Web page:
Visitor engagement with English cathedrals
Image: © Bill Smith.
David Styles, Moonwalking priests: Will 2019 prove a landmark year for visitor engagement with cathedrals?, Museums + Heritage, 20 August 2019
What does a helter skelter in Norwich have in common with the moon’s surface in Lichfield and a crazy golf course in Rochester? The short answer: during this year’s school holidays they’ve made cathedrals cool.
Record numbers of people from broad-ranging places and backgrounds have visited English cathedrals this summer. We take a look at how several of these institutions have masterminded rises of between 70% and 100% in visitor numbers and, crucially, whether it can be sustained.
Cathedrals are peaceful, contemplative places where children will be bored and restless, aren’t they? A hardy band of English cathedrals have been working flat out to blow that theory completely out of the water, and they have undoubtedly succeeded.
Aside from a temporary leap in social media interest around clergymen when Phoebe Waller-Bridge’s Fleabag injected some unexpected sex appeal into the church, England’s ecclesiastical institutions have often struggled to compete with the hype surrounding other, younger UK visitor attractions. The summer of 2019 has, however, been a cornerstone moment.
A campaign united by the hashtag #WishYouWereHere has seen the nation’s cathedrals draw in swathes of new audiences through welcoming bats, crazy golf, pottery exhibitions, a lunar landscape, Lego building, a helter skelter, and high-brow art installations inside their historic chambers. English cathedrals have emerged from the chrysalis of tradition to attract hordes of new visitors.
Seeing it differently
One of this group of forward-thinking religious sites is Norwich Cathedral, situated in the heart of Norfolk’s largest city.
“Fun and faith aren’t separate things,” Reverend Canon Andy Bryant told Advisor during an interview at Norwich Cathedral, which has attracted huge amounts of publicity since installing its now famous helter skelter. Japanese television news crews and Czech radio journalists are just some of the international media to have visited the site in recent weeks.
“It’s very much like the change in museums,” he explained. “People used to think museums were all about being quiet, with everything kept behind a glass case. Museums are increasingly doing more to interest and engage visitors; that’s what’s made museums and galleries come alive. We’re part of that movement.”
There is far more to the installation of a fairground ride than simply as a gimmick for the school holidays. “Often you do just need to help people over the threshold,” Bryant noted. He and his colleagues toyed with the ideas of a ferris wheel or ropewalk to help visitors better appreciate the cathedral’s unique roof bosses, but the necessity of either an articulated lorry entering the building or scaffolding and bracing wires put pay to those. The helter skelter won out in the end, and it has certainly won the cathedral a plethora of new admirers.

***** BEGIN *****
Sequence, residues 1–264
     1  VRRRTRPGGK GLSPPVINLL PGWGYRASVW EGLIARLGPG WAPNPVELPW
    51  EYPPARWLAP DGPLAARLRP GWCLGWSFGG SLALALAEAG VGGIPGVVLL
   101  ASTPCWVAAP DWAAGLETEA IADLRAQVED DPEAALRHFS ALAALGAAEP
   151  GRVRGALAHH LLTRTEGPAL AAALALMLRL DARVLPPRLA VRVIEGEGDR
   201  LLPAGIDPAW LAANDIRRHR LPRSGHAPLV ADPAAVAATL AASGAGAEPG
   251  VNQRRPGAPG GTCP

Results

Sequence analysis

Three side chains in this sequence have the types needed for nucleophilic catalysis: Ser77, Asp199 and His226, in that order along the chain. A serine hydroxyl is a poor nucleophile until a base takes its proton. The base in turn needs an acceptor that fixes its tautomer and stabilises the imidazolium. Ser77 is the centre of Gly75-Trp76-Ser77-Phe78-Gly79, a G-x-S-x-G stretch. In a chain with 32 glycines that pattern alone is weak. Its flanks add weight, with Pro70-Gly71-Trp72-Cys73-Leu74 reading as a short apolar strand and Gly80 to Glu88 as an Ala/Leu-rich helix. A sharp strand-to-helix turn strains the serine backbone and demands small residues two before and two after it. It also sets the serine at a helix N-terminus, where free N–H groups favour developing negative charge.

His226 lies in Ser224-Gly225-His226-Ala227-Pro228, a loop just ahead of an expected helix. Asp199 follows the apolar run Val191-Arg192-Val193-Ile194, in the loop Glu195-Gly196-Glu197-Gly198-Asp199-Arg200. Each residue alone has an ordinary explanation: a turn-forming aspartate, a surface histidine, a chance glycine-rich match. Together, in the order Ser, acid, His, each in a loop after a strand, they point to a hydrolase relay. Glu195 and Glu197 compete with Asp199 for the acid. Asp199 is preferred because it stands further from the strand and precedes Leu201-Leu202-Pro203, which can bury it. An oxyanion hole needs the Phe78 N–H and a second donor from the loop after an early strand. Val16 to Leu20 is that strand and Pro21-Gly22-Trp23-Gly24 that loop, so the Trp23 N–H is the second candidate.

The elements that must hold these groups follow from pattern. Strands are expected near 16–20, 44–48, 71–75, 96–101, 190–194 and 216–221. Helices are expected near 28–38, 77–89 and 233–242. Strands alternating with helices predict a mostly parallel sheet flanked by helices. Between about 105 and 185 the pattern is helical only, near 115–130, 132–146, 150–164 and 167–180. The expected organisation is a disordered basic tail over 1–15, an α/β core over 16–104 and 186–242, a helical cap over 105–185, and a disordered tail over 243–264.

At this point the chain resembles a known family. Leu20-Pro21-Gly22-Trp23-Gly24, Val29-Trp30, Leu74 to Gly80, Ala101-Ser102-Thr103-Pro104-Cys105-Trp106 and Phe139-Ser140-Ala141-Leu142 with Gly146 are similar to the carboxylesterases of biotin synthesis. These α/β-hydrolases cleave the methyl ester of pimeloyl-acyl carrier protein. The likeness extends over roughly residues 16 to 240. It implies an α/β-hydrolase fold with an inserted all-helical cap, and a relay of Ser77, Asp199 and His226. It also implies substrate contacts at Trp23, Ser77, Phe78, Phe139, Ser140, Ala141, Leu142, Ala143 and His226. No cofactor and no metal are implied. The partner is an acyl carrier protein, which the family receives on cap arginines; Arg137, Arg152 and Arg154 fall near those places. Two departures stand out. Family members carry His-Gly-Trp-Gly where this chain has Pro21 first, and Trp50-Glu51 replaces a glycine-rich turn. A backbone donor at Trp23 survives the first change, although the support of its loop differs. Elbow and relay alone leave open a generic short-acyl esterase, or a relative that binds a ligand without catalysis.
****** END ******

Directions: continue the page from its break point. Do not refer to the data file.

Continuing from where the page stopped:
“It’s never been about visitor numbers,” the Canon insisted, despite the plainly evident jump in footfall. “It was always about engagement with visitors; an entirely different ballgame. It has been about helping visitors engage with the building differently, and particularly to engage with our medieval roof bosses. They’re one of the finest collections of roof bosses in Northern Europe.
“Obviously we are busier than normal. That said, our overall visitor number are steadily climbing and partly that’s because we have lots of interesting things on, such as family fun days and science events.”
While there has been huge excitement around the helter skelter, there has also been some consternation from members of the wider Christian community. As media interest exploded in the summer exploits of cathedrals, the BBC reported that Dr. Gavin Ashenden, Missionary Bishop for the Christian Episcopal Church, described the decision made by Norwich Cathedral as “unprofessional” and that its staff were “making a mistake about what a cathedral is good for”.
The public disagreed. Queues of visitors which stretched well beyond the cathedral’s front doors and out into the street were a mixture of people specifically there to see the much-discussed attraction and those who also took the opportunity to lie down and gaze up at the building’s unique medieval roof bosses. No matter what their motivation for joining the ever-growing line of people waiting to enter, their attendance in one way or another was supporting the cathedral.
For those who speak out against such attractions, 2019 may not simply prove a hiccup in the status quo, but rather the beginning of a new era. Bryant certainly doesn’t see this summer as a flash in the pan. The trajectory, he believes, is only heading one way. “English cathedrals are in very confident mode at the moment,” he confidently stated. “Membership numbers and visitor numbers are growing. Cathedrals have invested heavily in new facilities; book shops, cafes, visitor centres. It’s all bubbling away. They are being innovative, creative, imaginative in the things they’re doing.”